Grade 11 Prompts

WS Friends (Descriptive)

Human beings are social creatures, so friends are an important part of anyone’s life. What qualities and behaviors make a person a good friend? Write an essay explaining three or four traits of a true friend. Use specific details and anecdotes from your own experiences.

WS Memorable Class (Expository)

Think about the classes you have had so far today. Which was most memorable? Choose one class period and write an essay explaining the main point of the class. Support the main point using at least two different types of details: facts (things that can be proven), statistics (facts with numerical values), quotations (exact words of a speaker), or anecdotes (stories that gives insight).

WS Freedom of Expression (Expository)

The First Amendment to the Constitution guarantees freedom of expression. The framers of the Constitution believed this freedom was essential to a strong democracy. Write an essay that explains how freedom of expression contributes to democracy. Use several examples of freedom of expression to support your response.

WS Transportation (Expository)

People travel by many different means, each with its own advantages and disadvantages. Choose two of the following modes of transportation and write an essay comparing and contrasting them: walking, bicycling, driving a car, taking a train, flying, and sailing by ship. Support your viewpoint with specific examples and details for each mode of transport.

WS Similar Sports (Expository)

Cross-country and downhill skiing share certain similarities, yet they offer different experiences to the people who enjoy them. Field hockey and ice hockey also require different skills. Think of two similar sports or activities that you enjoy and write a brief essay to compare and contrast them. Make sure you include specific details for each activity.

WS Proper Punishment (Narrative)

Remember a time when you received a punishment you thought was unfair. Narrate what happened and how you felt about it then, and explain whether you still feel the same way. Suggest a different punishment that may have been more effective. Remember to give details and examples.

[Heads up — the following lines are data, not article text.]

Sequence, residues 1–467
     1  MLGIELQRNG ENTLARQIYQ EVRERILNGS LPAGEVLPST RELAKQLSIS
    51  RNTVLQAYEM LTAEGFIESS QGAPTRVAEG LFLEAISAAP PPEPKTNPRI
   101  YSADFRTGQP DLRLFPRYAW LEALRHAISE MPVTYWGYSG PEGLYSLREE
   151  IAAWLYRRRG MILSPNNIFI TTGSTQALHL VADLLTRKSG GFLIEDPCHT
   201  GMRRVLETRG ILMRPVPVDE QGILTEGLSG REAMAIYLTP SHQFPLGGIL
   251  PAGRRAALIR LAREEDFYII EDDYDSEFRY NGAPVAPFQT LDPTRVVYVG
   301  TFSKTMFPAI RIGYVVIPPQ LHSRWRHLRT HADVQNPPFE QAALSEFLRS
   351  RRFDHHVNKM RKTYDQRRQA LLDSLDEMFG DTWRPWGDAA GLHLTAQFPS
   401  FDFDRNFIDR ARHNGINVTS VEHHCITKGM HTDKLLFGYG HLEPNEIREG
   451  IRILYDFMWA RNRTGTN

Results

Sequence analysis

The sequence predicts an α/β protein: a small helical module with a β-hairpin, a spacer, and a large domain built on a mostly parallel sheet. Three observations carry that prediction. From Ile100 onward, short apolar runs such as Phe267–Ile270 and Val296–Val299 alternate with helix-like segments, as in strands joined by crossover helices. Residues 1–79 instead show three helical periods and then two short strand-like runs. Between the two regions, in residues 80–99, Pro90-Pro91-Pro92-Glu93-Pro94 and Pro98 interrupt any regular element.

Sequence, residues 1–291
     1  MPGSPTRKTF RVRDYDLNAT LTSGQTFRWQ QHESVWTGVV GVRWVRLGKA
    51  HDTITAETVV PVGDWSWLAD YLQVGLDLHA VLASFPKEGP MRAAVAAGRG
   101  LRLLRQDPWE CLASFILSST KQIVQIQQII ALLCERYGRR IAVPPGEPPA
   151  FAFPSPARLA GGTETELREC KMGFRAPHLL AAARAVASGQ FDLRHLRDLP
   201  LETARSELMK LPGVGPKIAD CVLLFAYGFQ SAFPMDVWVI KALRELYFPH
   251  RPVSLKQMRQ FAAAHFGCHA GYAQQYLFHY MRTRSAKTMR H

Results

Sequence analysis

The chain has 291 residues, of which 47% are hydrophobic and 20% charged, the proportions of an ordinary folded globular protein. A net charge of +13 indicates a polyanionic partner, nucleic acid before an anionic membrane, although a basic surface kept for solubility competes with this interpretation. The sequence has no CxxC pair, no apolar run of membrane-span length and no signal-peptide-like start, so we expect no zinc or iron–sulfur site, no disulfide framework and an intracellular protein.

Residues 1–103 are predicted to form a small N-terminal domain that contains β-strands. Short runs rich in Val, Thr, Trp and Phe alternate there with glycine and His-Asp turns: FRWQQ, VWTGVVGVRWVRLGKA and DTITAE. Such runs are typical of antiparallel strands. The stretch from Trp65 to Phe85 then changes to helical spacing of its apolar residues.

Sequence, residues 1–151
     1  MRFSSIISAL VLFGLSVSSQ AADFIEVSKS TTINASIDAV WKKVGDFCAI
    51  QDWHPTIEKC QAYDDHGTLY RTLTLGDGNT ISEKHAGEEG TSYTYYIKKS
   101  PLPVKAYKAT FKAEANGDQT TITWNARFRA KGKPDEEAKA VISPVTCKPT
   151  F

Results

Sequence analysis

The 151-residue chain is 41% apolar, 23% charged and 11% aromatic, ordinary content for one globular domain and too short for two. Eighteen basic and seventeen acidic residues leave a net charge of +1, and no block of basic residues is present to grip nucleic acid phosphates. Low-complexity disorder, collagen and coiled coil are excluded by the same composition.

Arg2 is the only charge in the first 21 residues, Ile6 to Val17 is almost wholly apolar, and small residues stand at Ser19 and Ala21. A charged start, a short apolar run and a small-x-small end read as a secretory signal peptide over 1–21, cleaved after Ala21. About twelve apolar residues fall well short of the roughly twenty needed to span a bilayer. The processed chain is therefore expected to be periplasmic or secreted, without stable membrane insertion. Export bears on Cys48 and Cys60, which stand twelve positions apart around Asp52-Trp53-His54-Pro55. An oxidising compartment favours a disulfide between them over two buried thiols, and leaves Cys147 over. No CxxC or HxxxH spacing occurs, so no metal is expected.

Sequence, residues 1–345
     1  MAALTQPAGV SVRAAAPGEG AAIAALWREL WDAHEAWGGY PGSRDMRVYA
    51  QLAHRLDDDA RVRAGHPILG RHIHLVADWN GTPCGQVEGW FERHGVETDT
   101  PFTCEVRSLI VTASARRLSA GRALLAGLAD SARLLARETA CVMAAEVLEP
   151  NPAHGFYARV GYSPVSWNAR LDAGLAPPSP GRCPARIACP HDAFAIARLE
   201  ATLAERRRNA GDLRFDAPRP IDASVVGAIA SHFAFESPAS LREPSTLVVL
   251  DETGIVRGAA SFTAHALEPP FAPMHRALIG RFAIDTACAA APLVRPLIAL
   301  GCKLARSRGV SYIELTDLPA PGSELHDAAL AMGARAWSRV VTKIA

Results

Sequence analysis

WS Add a Class (Persuasive)

Your school budget will allow for an additional class to be offered in the coming school year, and your principal has asked students to make suggestions. Can you think of subjects that you would like to learn or subjects you think need to be taught? Write a letter to the principal convincing him or her to select the class you think would be best. Be sure to support your view with specific reasons and examples.

WS Sports Funding (Persuasive)

Your school board has announced plans to cut funding for sports teams. It has stated that some sports are not supported well by the student body and their funds are better used elsewhere. As a concerned student, write a letter to the school board airing your opinion about funding cuts. Argue your points using specific examples to support your position.

WS Leaky Faucet (Persuasive)

Addressing a problem requires different methods of persuasion. Write a letter of complaint to your landlord, who has put off fixing a leaky faucet in your apartment. Include specific details about why you need it fixed soon. State your case in a cool, neutral tone, and include a call to action for the landlord.

WS Sleep Time (Persuasive)

Teenagers often have different sleep habits than adults. Would you oppose or support moving the start and finish time of school back one hour? As a concerned student, write a letter to the school board convincing them of your position. Include reasons, facts, and examples.